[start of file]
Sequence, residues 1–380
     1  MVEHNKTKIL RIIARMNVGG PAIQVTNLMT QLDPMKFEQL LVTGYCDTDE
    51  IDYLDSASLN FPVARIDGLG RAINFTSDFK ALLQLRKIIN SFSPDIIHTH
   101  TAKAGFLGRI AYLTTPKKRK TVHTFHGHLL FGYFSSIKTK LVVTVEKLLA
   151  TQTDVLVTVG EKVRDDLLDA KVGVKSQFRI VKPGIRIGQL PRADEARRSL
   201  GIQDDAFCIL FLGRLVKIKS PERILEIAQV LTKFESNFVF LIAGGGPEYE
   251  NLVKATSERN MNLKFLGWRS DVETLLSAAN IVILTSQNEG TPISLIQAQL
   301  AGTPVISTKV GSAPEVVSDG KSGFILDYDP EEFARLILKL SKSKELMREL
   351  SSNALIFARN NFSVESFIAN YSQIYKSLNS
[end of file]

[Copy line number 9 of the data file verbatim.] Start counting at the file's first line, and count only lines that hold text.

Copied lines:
   351  SSNALIFARN NFSVESFIAN YSQIYKSLNS